Third stress point: This was the key stress point leading up to the trip – the
90 80 minute turnaround. In reality, the turnaround was supposed to be 105 minutes, but I handicapped it to 90 minutes because I wanted to be safe. It turned out that we left Doha late, then in Cairo we taxied forever—heck, we might’ve landed in Alexandria and taxied to Cairo! When we finally got off the plane, it was 80 minutes before our scheduled departure.
We hustled down the stairs (Cairo uses remote gates, unless you’re flying Star Alliance), onto the bus, and waited impatiently for the ground staff to release the bus. Luckily the first bus is reserved just for First Class, and left as soon as all first class passengers were on board.
Once off the bus, the fun really began. We hustled to the Transfer area (so fast that I neglected to get a photo), and provided our next flights’ boarding passes to the transfer agent. The conversation went a little like this:
Cairo Immigration Officer: Where did you just fly from?
Cairo Immigration Officer: Where are you flying to?
Cairo Immigration Officer: Ok, where did you just fly from?
Cairo Immigration Officer: But your boarding pass says you’re flying Cairo to Doha.
Cairo Immigration Officer: Why are you flying to Doha if you just came from there?
Me: We’re on a mileage run.
Cairo Immigration Officer: Oh.
A couple minutes later, another gentleman came, took our passports from the Immigration officer, and said he’d return in 5 minutes. He disappeared into the terminal, and a colleague of his returned about 4 minutes later. He asked if we’d like to go to the lounge, to which my response was that we would much appreciate it. As he walked over to fill out some paperwork with the immigration officer, he asked if my wife was pregnant. That one threw me for a loop. Had I been anywhere else, I would’ve responded: “Would that make this process faster?” instead I said no (the honest answer—no surprises here), and he just nodded.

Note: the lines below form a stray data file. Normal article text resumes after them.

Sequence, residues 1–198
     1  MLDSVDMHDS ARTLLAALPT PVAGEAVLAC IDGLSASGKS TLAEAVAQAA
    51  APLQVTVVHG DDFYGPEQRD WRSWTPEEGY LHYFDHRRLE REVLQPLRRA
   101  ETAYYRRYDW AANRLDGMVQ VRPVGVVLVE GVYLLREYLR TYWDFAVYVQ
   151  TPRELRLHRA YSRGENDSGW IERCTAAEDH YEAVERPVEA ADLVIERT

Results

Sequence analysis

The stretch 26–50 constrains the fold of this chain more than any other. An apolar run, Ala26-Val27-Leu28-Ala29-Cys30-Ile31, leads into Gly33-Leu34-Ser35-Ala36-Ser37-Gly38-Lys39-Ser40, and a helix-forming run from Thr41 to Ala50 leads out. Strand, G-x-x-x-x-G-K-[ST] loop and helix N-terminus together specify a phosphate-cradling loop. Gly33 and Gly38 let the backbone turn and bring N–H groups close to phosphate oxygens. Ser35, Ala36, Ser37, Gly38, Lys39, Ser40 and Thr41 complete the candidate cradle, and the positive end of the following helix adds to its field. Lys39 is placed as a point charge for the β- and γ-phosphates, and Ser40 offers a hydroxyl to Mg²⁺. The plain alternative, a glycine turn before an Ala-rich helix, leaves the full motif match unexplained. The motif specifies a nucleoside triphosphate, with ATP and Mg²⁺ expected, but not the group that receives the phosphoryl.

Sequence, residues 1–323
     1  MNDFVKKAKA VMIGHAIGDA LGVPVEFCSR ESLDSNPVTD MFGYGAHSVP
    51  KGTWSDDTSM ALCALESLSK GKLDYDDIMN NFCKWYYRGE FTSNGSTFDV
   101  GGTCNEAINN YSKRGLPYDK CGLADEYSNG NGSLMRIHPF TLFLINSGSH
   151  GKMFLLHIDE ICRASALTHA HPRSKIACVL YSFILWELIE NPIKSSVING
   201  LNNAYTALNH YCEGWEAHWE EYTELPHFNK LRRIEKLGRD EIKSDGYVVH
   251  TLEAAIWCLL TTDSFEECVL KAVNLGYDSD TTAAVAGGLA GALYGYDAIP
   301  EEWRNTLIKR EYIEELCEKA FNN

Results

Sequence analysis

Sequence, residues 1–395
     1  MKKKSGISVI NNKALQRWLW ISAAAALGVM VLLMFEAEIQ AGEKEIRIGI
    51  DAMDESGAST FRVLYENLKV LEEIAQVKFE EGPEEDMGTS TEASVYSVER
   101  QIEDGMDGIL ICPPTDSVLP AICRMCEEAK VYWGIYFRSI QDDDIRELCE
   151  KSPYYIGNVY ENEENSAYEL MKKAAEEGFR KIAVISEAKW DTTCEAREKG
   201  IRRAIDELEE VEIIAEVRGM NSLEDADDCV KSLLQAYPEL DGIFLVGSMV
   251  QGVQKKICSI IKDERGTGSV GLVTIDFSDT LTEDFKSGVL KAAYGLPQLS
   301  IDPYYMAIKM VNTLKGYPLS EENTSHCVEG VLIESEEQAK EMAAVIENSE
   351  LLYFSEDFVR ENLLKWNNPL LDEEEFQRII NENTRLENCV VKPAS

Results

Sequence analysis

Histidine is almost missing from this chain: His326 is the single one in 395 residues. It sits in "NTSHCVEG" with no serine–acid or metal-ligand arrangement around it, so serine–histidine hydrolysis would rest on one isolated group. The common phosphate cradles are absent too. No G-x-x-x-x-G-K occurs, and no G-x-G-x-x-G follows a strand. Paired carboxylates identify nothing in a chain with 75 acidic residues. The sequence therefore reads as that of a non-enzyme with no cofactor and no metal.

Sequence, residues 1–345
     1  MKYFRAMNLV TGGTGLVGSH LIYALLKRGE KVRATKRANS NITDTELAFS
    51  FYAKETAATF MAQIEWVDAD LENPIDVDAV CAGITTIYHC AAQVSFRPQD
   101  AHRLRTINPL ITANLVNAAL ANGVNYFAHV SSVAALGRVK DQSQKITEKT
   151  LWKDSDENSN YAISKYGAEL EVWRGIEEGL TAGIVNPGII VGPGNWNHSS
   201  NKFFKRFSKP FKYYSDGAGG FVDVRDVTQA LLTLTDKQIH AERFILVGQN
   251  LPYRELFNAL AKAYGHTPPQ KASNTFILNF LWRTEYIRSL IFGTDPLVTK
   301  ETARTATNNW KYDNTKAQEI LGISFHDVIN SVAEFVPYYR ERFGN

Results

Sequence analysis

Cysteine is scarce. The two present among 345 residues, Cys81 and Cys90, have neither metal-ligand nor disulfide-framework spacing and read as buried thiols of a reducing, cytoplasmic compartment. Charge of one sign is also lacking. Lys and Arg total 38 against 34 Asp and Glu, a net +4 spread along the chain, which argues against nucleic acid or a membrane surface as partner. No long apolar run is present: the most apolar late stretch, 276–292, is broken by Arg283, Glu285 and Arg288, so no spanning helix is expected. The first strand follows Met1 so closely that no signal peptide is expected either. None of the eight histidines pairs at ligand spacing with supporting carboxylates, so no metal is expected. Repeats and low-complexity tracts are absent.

A few more minutes of waiting, he returned to us and escorted us to the VIP lounge. And when I say VIP lounge, I mean the only lounge in the airport. Imagine unsecured wifi, a bunch of seating, food that you probably wouldn’t want to eat, and plenty of non-alcoholic beverages. Oh and smoking in Cairo airport general seems to be fully permitted. I wasn’t complaining. Heck, I almost wanted to hug the guy, until he said he had to take our passports to check us in. Be back in 10 minutes he says.
Now, I’m usually easy-going. Ok, fine, more often than not, I’m uptight. You disappear with my passport a second time in the span of 10 minutes, I’m really uptight. But I’ve got to play the confident captain role—as I’ve started joking about, since, I am a licensed sea captain, and you’ve got to appear confident, even if you might not be—so here I am, checking e-mail on my phone, counting down the minutes. I think I tweeted: